Tangible and intangible results of the initiative: Intangible results are the connections between our members, which led to – you might call it – tangible results, published on our website, like many invitations to scientific and professional conferences in Europe and once even in Australia and several publications. We have established a research group that met within the initiative on »Controlling for Sustainability«, because we believe that we need to transform our measurement and steering systems in order to transform our perception and decision abilities. We are members of the International Federation for Systems Research on “Learning Systems for Sustainability”, were we are currently working on the further strengthening of an action research lab on the impact of innovative and ethical business practices. We have supported the establishment of a social entrepreneur cooperative called “ThinkCamp” together with the Coalition for the Global Commons and the Global Marshall Initiative. ThinkCamp supports innovators for sustainability to realize their projects. And much more…

VB: How do you and the initiative relate to InCo movement that has started in Slovenia?
SB: First of all, it is again a personal relationship, in this special coincidence between you and me. We met at the Salzburg Global Seminar in 2007 and since then we have continued connection. I have always been very curious about the advancements of the InCo movement in Slovenia. We share similar interests like the communication agenda, telling a new narrative to trigger change. Some InCo members or co-founders are already members of the »Change The Game Initiative«, like you or Madanmohan Rao from InCo India.
As the InCo movement goes global, we could serve as a partner network, offering our support to co-evolve with the InCo movement. I truly believe in the necessity of networking. Some people seem to be natural facilitators, not only with one network, but with several networks. We could create a wonderful mesh structure and thereby greater value, together.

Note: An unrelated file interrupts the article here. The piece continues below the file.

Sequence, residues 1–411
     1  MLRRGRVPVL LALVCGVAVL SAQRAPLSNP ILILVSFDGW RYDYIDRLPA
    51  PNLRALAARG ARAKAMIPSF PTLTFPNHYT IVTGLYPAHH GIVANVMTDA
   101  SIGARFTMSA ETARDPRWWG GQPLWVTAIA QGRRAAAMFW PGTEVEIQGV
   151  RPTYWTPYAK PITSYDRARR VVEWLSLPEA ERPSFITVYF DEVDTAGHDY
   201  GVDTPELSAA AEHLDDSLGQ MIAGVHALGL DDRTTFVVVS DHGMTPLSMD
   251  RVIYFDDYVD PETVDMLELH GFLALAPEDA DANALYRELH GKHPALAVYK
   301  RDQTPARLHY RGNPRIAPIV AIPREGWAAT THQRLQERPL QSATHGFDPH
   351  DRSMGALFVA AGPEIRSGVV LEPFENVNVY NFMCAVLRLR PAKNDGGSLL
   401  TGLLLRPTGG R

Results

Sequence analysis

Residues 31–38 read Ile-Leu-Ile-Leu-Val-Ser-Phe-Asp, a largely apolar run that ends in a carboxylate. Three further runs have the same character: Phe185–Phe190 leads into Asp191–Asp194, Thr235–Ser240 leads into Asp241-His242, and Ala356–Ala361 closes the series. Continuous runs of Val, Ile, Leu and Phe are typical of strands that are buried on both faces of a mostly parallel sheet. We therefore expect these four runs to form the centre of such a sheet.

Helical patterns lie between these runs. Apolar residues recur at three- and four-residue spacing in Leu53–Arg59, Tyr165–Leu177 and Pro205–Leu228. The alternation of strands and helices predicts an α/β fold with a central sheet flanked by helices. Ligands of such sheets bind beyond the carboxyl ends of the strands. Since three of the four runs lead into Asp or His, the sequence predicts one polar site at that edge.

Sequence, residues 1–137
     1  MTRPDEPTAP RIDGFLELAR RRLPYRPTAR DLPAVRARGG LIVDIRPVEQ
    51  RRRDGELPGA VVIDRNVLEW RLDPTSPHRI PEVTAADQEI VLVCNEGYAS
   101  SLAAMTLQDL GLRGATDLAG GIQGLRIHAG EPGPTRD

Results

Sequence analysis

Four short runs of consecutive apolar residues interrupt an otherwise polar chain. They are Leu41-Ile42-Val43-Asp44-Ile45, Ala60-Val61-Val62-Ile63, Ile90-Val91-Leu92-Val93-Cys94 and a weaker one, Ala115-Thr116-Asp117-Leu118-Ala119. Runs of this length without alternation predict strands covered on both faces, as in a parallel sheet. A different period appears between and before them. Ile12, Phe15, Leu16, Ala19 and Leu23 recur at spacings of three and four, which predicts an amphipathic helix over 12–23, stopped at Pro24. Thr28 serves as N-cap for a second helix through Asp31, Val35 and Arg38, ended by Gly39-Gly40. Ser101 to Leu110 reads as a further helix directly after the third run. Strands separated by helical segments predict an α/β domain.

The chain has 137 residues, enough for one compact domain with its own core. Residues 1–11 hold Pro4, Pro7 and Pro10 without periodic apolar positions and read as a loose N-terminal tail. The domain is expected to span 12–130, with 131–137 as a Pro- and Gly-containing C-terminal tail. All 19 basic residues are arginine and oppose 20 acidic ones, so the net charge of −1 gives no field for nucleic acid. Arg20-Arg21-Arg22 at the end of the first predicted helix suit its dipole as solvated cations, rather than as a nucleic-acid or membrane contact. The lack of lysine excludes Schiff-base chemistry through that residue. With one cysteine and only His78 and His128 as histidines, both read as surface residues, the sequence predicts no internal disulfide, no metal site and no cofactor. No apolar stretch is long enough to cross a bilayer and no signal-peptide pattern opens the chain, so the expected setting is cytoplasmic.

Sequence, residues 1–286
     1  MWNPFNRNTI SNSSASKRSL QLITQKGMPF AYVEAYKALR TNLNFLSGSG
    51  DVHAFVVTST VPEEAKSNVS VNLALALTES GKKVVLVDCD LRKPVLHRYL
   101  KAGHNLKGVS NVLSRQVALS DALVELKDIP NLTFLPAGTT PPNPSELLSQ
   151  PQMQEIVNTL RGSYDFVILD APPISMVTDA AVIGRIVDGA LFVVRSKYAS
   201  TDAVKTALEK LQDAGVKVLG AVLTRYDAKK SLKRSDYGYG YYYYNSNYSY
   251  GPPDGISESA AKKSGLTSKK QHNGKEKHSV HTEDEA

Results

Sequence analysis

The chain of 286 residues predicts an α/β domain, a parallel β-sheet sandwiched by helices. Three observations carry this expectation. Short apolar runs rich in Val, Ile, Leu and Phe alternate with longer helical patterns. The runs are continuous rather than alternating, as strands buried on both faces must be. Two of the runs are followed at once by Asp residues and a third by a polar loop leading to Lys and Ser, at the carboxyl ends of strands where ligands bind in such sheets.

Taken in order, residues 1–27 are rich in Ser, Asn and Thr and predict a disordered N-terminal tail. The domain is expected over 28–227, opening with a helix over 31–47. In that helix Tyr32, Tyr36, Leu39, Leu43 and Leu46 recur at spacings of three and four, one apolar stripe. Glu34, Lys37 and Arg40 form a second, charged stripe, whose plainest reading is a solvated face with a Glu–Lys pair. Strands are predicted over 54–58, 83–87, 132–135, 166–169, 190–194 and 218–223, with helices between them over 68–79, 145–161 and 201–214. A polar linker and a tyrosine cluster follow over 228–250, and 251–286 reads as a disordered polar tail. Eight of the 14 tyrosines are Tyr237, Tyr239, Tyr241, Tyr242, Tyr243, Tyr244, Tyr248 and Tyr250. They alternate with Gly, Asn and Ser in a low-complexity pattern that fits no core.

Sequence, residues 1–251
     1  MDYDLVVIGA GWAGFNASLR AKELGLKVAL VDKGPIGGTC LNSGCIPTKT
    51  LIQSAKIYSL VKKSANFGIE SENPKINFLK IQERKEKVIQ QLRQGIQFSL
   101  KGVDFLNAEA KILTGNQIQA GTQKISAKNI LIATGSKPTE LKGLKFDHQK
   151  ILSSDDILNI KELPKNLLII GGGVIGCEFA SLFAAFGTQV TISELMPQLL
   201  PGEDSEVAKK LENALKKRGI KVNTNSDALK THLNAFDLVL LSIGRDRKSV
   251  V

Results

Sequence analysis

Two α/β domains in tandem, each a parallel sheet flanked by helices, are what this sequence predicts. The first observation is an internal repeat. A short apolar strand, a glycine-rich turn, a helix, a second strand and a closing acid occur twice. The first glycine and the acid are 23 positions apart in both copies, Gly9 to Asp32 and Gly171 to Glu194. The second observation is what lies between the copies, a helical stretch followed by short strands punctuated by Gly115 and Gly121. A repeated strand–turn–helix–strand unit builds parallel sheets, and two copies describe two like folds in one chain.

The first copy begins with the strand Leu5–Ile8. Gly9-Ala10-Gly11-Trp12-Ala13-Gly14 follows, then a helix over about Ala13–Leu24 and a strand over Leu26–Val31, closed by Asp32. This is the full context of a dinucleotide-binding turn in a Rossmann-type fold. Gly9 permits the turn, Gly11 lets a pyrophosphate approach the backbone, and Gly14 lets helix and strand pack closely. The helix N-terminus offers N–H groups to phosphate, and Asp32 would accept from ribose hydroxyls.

VB: On the October 18th, you and some of your colleagues are coming to Ljubljana to meet with participants of the InCo movement. At the same time, InCo movement is also hosting the first session of the »ChangeTheGame« initiative in Slovenia. What do you expect from this meeting?
SB: I expect the first meeting to be the first of many enrichening, learning journeys, in the sense of enrichening new relations with dedicated people, enrichening new insights from other experiences in the field of innovation, regional and community development.

VB: Could movements like »Change The Game« and »InCo movement« be an important future arrangement? A new global platform for co-existence, co-creation, and a global village? Why?
SB: Ok, the last trickiest question. Of course I hope so, in the midst of our own experiment. I hope that we enable a paradigm change, that we enable committed individuals to change the world.
I also believe in the concepts of globalization. Localisation or regionalisation is a key concept in creating value chains and its revitalisation might be a key success factor in regional development. But simultaneously we can connect people, knowledge or even value networks globally to strengthen our abilities to innovate without ethical blindness. To strengthen individual commitment, to strengthen global civil societies, to strengthen a shared understanding of our cohabitation on the planet Earth.

Thank you Stefan. Your provocative thoughts, the results and your boldness are infectious. It challenges those that have not yet made a step, yet. It shares a dream and offers paths to manifestation. It is changing the game and allows learning along. I am sure new individuals will be inspired. More still, understood that only one small step is needed to start the journey. Feel it. Hear it. See it. Embrace it. Violeta